Nazir Alli’s resignation was nothing short of a magical vanishing act. On Monday, his defiant words graced the letters page of a newspaper, accusing journalist of peddling speculation and assuring the nation the entire e-tolling deal is above board.
The next morning, with a puff of smoke and a short press release from the South African National Road Agency Limited’s board of directors, Alli was gone.
No explanation was given for his exit. No interviews granted to clarify the departure. But every assurance was given that Sanral would continue along its road map, as it has for the past 14 years.
The bombshell announcement came a week after a Pretoria court granted an urgent interdict against e-tolling, which is being managed by the association. The court battle and the subsequent victory for the Opposition to Urban Tolling Alliance has been described as a possible turning point for the country’s civil society. Never before has there been such a tax revolt, nor such unity in opposing a single project. Never has there been such anger, followed by such hope.
In the process, Alli became public enemy almost-number-one, a position he had to fight many characters to attain. He grew to represent an arrogant Goliath, who failed to listen to the people or to communicate properly. Whether it was right or wrong, he became the face of e-tolling.
On Monday, Sanral’s board met quietly and accepted his resignation. In the press release that followed it wished him well, thanked him for his service and for his offer to help with the handover by staying on until early June.
“The immediate focus and priority of the board is to ensure that Sanral continues to perform its essential role in operating and maintaining more than 16,000km of national roads across South Africa,” the statement read. “Further announcements will be made in due course.”
When journalists called for clarity, they were referred to the statement. When they asked for interviews, they were referred to the statement. In fact, no matter what they asked, they were referred to the source of all wisdom, The Statement.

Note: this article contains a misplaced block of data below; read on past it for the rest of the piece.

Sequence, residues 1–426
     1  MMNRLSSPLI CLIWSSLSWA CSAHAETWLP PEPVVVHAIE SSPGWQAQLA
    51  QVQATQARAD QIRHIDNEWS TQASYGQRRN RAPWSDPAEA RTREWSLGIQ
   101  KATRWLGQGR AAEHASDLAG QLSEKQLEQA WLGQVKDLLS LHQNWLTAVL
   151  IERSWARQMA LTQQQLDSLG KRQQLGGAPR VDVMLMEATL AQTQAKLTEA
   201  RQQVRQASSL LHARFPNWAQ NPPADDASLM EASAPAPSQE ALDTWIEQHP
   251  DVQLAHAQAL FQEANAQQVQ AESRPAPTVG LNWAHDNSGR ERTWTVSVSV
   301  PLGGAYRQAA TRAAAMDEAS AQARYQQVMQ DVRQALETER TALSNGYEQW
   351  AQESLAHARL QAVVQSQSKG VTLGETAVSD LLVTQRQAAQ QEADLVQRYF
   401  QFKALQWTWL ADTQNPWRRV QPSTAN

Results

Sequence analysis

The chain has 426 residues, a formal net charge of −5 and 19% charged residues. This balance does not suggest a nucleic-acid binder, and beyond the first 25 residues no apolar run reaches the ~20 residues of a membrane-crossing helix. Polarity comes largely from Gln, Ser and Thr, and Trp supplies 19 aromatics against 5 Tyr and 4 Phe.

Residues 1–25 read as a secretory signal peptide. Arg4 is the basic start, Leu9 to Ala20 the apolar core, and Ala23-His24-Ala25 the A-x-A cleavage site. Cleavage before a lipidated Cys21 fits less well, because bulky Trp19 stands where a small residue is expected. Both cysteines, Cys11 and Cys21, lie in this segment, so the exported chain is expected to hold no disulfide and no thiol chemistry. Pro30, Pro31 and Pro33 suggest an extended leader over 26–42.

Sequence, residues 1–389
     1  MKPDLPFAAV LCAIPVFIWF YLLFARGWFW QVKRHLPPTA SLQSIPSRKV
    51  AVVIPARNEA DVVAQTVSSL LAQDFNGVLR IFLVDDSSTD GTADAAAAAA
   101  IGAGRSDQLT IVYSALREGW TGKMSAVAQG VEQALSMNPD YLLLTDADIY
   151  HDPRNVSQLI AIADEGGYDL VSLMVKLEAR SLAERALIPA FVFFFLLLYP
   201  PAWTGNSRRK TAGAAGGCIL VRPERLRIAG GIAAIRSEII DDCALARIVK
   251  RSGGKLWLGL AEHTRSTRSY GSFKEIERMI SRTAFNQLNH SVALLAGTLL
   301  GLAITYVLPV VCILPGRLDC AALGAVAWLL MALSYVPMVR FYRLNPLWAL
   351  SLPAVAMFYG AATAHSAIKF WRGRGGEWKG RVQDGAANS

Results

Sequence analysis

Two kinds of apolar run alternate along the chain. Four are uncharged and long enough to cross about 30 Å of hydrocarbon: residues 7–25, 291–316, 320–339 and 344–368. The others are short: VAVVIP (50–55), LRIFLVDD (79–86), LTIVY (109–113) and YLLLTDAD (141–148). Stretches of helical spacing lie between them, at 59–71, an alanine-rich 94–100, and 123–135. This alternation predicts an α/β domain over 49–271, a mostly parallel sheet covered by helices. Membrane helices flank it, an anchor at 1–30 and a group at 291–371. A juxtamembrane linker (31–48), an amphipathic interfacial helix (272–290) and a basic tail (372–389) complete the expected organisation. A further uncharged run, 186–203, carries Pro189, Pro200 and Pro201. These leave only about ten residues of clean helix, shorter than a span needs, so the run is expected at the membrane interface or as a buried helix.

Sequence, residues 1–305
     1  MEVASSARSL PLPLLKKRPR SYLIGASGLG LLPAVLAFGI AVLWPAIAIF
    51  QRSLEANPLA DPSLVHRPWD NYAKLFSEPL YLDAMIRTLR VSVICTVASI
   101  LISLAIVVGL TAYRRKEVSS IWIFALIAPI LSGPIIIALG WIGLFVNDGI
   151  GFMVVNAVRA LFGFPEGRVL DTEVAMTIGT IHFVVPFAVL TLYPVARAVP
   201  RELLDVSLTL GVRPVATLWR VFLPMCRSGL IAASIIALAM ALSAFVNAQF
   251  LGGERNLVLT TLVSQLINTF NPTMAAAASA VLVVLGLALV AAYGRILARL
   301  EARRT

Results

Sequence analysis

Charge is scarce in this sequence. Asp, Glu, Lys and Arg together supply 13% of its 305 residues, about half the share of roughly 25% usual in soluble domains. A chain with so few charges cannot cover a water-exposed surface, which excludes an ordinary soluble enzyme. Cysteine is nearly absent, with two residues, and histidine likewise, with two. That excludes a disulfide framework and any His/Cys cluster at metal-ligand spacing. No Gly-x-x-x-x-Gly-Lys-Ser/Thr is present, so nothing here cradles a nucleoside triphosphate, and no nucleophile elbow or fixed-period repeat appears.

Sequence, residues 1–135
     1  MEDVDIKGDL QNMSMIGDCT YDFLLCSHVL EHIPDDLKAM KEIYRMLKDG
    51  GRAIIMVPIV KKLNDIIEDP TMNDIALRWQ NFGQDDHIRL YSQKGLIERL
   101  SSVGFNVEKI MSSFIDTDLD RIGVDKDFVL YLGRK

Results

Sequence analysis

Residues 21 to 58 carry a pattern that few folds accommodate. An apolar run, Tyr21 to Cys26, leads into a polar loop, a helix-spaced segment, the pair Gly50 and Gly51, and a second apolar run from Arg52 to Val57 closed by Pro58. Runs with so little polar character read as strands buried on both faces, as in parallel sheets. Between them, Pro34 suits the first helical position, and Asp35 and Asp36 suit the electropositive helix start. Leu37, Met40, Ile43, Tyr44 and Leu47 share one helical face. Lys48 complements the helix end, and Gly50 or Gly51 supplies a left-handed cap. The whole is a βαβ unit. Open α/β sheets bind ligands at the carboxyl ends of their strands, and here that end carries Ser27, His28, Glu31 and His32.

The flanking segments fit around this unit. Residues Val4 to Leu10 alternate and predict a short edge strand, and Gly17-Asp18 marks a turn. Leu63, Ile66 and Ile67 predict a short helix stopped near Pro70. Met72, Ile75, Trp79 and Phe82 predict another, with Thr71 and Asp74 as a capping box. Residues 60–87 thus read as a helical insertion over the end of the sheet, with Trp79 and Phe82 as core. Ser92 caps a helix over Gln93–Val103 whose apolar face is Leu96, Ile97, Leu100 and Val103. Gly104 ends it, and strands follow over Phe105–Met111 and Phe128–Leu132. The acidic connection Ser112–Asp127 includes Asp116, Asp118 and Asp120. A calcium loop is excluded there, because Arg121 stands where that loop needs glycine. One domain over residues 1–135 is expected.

Throughout the court case, Sanral was accused of hiding crucial information from the public and of not being transparent enough. The same allegations began to fly around Alli’s decision to step out the back door.
Not surprisingly, the speculation began instantly. Outa said that even if it can’t know for sure, it believes the court case was a catalyst in the latest development. Its head, Wayne Duvenage, was diplomatic and wished Alli well, saying the real battle continues (the upcoming court review) and that the mess is far bigger than one man.
Some suggested Alli was falling on his sword, or that the pressure had simply become too great. But it seems there is – as always – more to the story. It appears Alli had tried to resign before, but was somehow persuaded to stay. Those sympathetic to him say he clashed with the board and had grown increasingly frustrated.
With Sanral being owned by government, the dynamics of leading the organization must have been incredibly complex, with various forces at play and too many political masters pulling in different directions.
What must have made the situation even more unbearable was the bizarre, last-minute agreement by Cosatu and the ANC to delay the launch of e-tolling for the fifth time, right in the middle of the interdict court hearing.